Wanderlust had also fed the ‘round the world adventure seed. I had been afflicted with this disease most of my life. It seemed to have slowed its growth after I turned around on the shores of Java, but was growing a bit more as I motorcycled to places like Nome, Alaska and The-Hole-In-The-Wall, Wyoming. I was lusting for wider wandering.
Trying to kill the disease of wanderlust over the years had cost me considerably. As the seed of wandering the globe a sixth time sprouted I reminded myself how, nearly 30 years earlier, an ex-wife had said, “If you go off on another of your wild adventures I won’t be here when you get back,” and she wasn’t. Or the girlfriend who I met while circling the globe that wanted to get married for a USA Green Card for her and then start having babies, who lamented, “Are you just going to keep riding around the world?” And I did while she finished her one global loop and went on to search for a more likely husband and possible father.
A year went by and my ‘round the world dreamer and I met again, this time over a longer dinner. He asked if I had made a decision yet and I told him I was in the “maybe zone.”
We talked about the places I did not want to visit, those ugly areas I had traveled through on the planet that I never wanted to see again while driving a motorcycle. He was amenable to jumping over or riding around them. He named some places he would like to see from atop a motorcycle and I found them acceptable.
Our dinner ended with a map of the world showing some solid lines across continents and some that were dotted or circled as No Go Zones. These No Go Zones included places like Honduras, where I had once been tossed in the clink for a night after taking a policeman’s gun away from him when he pointed it at me. Other No Go Zones were tiresome border crossings and countries with nearly impossible importation rules for motorcycles that I did not want to deal with again.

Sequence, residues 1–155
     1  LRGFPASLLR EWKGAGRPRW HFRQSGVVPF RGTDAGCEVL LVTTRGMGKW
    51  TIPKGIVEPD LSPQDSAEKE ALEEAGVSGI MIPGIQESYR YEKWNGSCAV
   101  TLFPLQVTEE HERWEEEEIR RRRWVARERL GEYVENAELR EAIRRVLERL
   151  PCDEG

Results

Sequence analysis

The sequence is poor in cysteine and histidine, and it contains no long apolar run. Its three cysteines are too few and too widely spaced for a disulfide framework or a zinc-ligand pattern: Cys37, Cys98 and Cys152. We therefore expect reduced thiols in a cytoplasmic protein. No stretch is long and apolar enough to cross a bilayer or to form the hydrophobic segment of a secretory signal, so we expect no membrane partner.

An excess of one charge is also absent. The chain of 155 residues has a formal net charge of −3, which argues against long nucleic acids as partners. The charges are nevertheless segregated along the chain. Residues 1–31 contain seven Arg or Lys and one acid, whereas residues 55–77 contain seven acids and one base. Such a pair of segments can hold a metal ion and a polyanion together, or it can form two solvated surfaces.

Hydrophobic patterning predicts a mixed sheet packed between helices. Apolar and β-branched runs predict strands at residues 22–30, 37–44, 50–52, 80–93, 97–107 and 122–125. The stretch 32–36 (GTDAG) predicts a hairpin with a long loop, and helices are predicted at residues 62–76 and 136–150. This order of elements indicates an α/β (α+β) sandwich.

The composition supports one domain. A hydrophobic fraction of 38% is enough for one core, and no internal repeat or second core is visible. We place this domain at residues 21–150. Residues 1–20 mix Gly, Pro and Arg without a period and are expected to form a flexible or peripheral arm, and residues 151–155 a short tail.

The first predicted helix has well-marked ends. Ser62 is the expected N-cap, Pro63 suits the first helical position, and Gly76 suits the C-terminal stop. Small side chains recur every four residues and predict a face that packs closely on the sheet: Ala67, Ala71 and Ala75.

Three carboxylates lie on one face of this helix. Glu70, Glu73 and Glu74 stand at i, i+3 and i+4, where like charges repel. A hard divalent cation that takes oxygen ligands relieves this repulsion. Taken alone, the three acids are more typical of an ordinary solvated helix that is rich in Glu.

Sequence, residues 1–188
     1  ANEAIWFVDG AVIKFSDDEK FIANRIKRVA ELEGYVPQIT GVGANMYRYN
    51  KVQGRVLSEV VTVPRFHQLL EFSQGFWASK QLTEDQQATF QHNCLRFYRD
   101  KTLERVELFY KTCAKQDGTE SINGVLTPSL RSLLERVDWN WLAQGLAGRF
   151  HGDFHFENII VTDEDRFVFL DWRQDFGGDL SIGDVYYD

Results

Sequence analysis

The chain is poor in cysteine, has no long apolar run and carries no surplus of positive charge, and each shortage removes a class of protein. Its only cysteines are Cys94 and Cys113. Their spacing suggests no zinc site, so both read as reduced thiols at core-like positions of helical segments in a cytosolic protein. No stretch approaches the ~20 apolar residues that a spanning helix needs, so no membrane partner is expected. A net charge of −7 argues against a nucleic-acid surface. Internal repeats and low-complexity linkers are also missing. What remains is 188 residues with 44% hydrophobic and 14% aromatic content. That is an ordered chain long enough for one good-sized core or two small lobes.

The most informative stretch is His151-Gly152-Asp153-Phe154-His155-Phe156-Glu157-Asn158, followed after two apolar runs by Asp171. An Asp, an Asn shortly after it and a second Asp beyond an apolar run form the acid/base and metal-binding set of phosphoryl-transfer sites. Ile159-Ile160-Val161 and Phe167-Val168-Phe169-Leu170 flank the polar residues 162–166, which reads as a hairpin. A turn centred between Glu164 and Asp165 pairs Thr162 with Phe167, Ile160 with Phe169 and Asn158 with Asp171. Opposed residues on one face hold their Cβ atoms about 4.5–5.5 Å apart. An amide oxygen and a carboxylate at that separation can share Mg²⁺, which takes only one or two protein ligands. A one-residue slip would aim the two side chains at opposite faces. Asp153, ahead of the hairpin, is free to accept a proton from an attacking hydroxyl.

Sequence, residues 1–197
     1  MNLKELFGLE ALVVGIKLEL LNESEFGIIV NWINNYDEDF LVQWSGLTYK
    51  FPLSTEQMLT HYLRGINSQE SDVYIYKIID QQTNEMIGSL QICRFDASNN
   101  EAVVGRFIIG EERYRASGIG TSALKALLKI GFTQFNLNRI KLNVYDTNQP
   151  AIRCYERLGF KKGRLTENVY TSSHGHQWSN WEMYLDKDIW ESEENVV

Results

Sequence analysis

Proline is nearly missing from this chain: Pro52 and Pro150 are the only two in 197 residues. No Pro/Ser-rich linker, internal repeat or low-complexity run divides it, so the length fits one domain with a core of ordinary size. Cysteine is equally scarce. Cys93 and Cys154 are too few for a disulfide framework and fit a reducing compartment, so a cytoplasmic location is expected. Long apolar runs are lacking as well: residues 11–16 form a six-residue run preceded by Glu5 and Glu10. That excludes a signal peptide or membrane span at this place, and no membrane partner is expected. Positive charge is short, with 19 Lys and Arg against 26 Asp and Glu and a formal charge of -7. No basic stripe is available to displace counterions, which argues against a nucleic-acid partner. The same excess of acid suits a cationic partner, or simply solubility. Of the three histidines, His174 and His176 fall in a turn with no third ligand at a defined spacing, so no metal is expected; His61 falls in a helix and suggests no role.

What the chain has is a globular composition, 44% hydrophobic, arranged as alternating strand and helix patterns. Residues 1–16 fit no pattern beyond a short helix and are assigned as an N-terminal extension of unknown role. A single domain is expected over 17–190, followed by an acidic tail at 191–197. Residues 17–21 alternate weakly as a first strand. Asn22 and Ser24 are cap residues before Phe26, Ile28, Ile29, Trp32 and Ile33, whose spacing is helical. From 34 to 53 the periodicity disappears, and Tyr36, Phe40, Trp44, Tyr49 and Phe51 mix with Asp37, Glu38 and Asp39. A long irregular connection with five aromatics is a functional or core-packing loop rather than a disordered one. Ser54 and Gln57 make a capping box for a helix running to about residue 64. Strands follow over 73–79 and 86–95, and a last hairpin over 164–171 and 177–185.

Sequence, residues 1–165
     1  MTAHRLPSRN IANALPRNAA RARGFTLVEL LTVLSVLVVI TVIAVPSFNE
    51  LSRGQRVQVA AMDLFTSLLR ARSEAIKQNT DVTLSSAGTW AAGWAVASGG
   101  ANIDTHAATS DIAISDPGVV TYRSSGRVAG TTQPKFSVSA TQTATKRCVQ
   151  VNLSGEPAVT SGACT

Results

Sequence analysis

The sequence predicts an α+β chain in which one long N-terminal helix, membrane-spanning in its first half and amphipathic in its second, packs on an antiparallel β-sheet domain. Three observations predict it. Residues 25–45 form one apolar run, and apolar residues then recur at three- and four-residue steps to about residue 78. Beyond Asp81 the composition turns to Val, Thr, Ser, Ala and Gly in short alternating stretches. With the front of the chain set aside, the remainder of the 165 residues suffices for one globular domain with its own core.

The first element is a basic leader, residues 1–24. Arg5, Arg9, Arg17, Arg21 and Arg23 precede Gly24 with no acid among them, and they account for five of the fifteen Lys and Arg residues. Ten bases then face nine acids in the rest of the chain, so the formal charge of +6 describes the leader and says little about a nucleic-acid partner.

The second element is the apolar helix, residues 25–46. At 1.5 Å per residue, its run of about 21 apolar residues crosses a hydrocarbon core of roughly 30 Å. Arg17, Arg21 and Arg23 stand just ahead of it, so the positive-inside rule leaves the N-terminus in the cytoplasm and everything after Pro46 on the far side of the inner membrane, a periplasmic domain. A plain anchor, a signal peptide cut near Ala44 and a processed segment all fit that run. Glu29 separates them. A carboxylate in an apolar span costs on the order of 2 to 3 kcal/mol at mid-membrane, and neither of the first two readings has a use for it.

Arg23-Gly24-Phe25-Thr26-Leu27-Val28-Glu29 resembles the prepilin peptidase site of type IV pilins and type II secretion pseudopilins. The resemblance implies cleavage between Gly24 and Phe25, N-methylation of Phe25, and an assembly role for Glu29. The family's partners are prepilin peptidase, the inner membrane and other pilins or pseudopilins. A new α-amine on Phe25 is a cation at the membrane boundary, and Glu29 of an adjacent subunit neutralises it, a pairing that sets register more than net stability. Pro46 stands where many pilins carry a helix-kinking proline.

We met again after I returned from five months of exploring Asia by motorcycle. This time our conversation was focused on how much time, how much money, and what motorcycle would be best. Also coming into play during this meeting was my wanting to do something different from the previous five ‘round the world rides, some new mix of elements.
Two Irish motorcyclists pushed us closer to a firmer plan with some of the new mix for our world ride. Feargal O’Neill and Joe Walsh came up with a brilliant idea to celebrate 100 years of motorcyclists circling the globe. They had read my book MOTORCYCLE ADVENTURER, about the first man to pilot a motorcycle around the world in 1912-1913, Carl Stearns Clancy. Because Clancy was of Irish descent and they were Irish they wanted to bring attention to his incredible journey. Their idea was to have fellow motorcyclists around the world ride as much of the original route taken by the first global rider. (The Clancy information page is: http://www.HorizonsUnlimited.com/clancy. The Clancy updates pages are here: http://www.HorizonsUnlimited.com/clancyride).
Carl Stearns Clancy with his 1912 Henderson motorcycle, the first person to “girdle the globe,” 1912-1913.
While O’Neill and Walsh were initially organizing what they titled “The Clancy Centenary Ride,” they contacted me and asked if I would volunteer to shoulder putting together the USA final leg of the ‘round the world ride. Their plan was to have riders meet in San Francisco and follow the Clancy route to New York City. I agreed and set the date for crossing the USA as June 2, 2013, exactly 100 years after Clancy had departed San Francisco. The Clancy Centenary Ride will start from Dublin, Ireland October 23, 2012 and we will possibly meet two riders from Ireland in San Francisco for the final leg of the ride across the USA.
The Clancy Centenary Ride presented me and my ‘round the world dreamer with the possibility of testing ourselves and our machines. Another meeting was held and we decided to put together a firmer plan for at least our crossing of the North American Continent together in conjunction with The Clancy Centenary Ride.
The first leg of our ‘round the world ride will give my potential ‘round the world companion and me a chance to see if our personalities are compatible for more than the few days we have shared together before in Alaska and several times in the Lower 48. We will be on the road for three weeks, covering some of the easiest ground of a global circumnavigation, across the English speaking USA. At the end of our first leg we will park our motorcycles, take a break or extended pit stop and ponder the wisdom of tackling the next leg, that of reaching Ushuaia, Argentina, the southernmost point we can reach by road on the South American continent.
While I am pondering the wisdom of our proceeding onward together two happenings I will not have to worry about coming into play are a divorce upon return or the either/or option of a Green Card and babies. I have been both places and paid dearly for the T-shirts, will mark them as No Go Zones. Instead I will merely be pondering continued wandering.